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From "Graham Dumpleton (JIRA)" <j...@apache.org>
Subject [jira] Commented: (MODPYTHON-46) PythonHandlerModule directive is broken.
Date Fri, 08 Jul 2005 07:16:09 GMT
    [ http://issues.apache.org/jira/browse/MODPYTHON-46?page=comments#action_12315281 ] 

Graham Dumpleton commented on MODPYTHON-46:
-------------------------------------------

Even when one works around this. There seems to be a bug deep
in the C code somewhere, whereby on occasion a request gets
stuck in an infinite loop when processing the PythonHandlerModule
directive. The stack trace is:

  directive_PythonHandlerModule
  python_directive_handler
  python_directive_hl_add
  hlist_append

Ie., gets stuck in a loop in hlist_append.

This comment is here just so I don't forget about it as not going to try and
track it down right now.

> PythonHandlerModule directive is broken.
> ----------------------------------------
>
>          Key: MODPYTHON-46
>          URL: http://issues.apache.org/jira/browse/MODPYTHON-46
>      Project: mod_python
>         Type: Bug
>   Components: core
>     Versions: 3.1.4
>     Reporter: Graham Dumpleton

>
> Documentation for PythonHandlerModule says:
>   PythonHandlerModule can be used an alternative to Python*Handler directives.
>   The module specified in this handler will be searched for existence of functions
>   matching the default handler function names, and if a function is found, it will
>   be executed.
> The suggestion is that it will not complain if a particular handler is defined, ie.,
> only executes the ones it finds and doesn't worry about the rest. The example
> even supports this by saying that:
>   For example, instead of:
>     PythonAutenHandler mymodule
>     PythonHandler mymodule
>     PythonLogHandler mymodule
>   one can simply say
>     PythonHandlerModule mymodule
> BTW, "PythonAutenHandler" is spelt wrong in documentation, not by me.
> The "mod_python.c" code also seems be coded so that if a handler is defined
> in the module that it will not complain.
>     python_directive_handler(cmd, mconfig, "PythonPostReadRequestHandler", val, SILENT);
>     python_directive_handler(cmd, mconfig, "PythonTransHandler", val, SILENT);
>     python_directive_handler(cmd, mconfig, "PythonHeaderParserHandler", val, SILENT);
>     python_directive_handler(cmd, mconfig, "PythonAccessHandler", val, SILENT);
>     python_directive_handler(cmd, mconfig, "PythonAuthzHandler", val, SILENT);
>     python_directive_handler(cmd, mconfig, "PythonTypeHandler", val, SILENT);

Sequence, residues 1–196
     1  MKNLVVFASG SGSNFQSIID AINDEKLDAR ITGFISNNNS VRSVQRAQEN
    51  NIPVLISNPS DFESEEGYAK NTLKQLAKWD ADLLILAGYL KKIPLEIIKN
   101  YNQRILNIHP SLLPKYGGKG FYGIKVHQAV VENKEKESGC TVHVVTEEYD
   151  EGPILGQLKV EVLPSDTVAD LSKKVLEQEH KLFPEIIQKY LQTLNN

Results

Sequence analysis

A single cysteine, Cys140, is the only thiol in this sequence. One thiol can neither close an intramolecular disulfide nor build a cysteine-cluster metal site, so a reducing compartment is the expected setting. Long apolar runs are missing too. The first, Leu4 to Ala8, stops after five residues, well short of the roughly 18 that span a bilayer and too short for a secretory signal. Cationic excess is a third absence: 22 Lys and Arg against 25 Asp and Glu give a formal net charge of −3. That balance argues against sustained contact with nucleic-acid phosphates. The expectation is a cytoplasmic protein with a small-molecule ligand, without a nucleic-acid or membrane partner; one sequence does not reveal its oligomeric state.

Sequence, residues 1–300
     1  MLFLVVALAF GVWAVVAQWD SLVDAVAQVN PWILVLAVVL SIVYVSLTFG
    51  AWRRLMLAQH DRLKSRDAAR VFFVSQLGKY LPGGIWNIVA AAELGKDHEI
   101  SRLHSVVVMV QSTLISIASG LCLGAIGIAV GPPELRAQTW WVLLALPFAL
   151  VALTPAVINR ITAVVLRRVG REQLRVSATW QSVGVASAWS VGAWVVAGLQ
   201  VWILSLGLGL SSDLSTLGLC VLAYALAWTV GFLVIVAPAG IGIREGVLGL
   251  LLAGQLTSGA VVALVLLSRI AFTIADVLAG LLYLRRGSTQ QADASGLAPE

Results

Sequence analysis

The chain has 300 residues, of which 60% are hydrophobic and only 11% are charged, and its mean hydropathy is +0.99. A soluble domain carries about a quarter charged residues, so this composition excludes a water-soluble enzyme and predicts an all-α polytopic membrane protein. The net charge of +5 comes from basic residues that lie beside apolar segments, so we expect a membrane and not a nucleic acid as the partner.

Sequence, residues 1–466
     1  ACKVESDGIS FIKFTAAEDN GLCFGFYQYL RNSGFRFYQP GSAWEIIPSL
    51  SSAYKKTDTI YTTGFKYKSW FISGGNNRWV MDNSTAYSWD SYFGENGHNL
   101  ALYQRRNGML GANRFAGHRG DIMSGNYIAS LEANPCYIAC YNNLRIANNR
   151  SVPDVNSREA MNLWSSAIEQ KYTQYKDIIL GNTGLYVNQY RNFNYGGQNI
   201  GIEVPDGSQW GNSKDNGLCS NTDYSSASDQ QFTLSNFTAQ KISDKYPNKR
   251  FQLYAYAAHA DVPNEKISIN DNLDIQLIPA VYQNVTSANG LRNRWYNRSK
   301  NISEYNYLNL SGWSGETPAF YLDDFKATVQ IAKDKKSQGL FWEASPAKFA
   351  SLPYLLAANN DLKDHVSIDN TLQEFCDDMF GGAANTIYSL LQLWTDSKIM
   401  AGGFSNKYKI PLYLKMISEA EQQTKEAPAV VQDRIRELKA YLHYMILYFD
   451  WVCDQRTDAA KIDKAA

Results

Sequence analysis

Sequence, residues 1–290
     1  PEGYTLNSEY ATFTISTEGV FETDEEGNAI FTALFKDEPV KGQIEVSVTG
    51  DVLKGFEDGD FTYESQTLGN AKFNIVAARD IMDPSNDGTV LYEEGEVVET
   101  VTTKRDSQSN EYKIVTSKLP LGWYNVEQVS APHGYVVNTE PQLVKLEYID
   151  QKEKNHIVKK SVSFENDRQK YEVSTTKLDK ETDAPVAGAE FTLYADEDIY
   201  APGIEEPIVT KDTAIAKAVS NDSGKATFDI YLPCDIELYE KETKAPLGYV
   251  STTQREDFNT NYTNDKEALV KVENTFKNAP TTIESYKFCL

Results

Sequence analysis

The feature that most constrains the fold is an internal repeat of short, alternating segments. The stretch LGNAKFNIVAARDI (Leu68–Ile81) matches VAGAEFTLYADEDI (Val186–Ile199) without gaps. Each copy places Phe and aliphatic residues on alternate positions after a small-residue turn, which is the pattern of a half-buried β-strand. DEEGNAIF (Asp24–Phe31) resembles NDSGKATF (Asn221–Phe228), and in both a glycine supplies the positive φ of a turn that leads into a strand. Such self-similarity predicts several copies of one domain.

>     python_directive_handler(cmd, mconfig, "PythonHandler", val, SILENT);
>     python_directive_handler(cmd, mconfig, "PythonInitHandler", val, SILENT);
>     python_directive_handler(cmd, mconfig, "PythonLogHandler", val, SILENT);
>     python_directive_handler(cmd, mconfig, "PythonCleanupHandler", val, SILENT);
>     python_directive_handler(cmd, srv_conf, "PythonConnectionHandler", val, SILENT);
> Ie., it has "SILENT" option and not "NOTSILENT" as is case when single handler is
> specified.
> Problem is that using "PythonHandlerModule" it gives back 500 error and if
> "PythonDebug" is on you will see in the browser:
>   Mod_python error: "PythonHeaderParserHandler mptest"
>   Traceback (most recent call last):
>     File "/usr/lib/python2.3/site-packages/mod_python/apache.py", line 291, in HandlerDispatch
>       arg=req, silent=hlist.silent)
>     File "/usr/lib/python2.3/site-packages/mod_python/apache.py", line 519, in resolve_object
>       raise AttributeError, s
>   AttributeError: module '/home/grahamd/public_html/phases/mptest.py' contains no 'headerparserhandler'
> The passing of "SILENT" thus seems to not work.
> The definitions of SILENT and NOTSILENT are:
>   #define SILENT 0
>   #define NOTSILENT 1
> This eventually gets set as hlist.silent and gets passed as "silent" argument of
> the "resolve_object()" method.
> In the resolve_object() call of apache.py where this is checked, it is checked as:
>         # don't throw attribute errors when silent
>         if silent and not hasattr(obj, obj_str):
>             return None
>         # this adds a little clarity if we have an attriute error
>         if obj == module and not hasattr(module, obj_str):
>             if hasattr(module, "__file__"):
>                 s = "module '%s' contains no '%s'" % (module.__file__, obj_str)
>                 raise AttributeError, s
> Is the logic the wrong way around here or am I just going nuts?
> The result of "resolve_object()" is used as:
>                 if object:
>                     ...
>                 elif hlist.silent:
>                     result = DECLINED
> This is supposed to propogate ignoring of the fact that the handler is missing,
> but again logic is wrong way.
> The simple solution may be:
>   #define NOTSILENT 0
>   #define SILENT 1
> All uses of this silent flag needs to be reviewed though to determine if this is
> going to stuff up other areas of the code.

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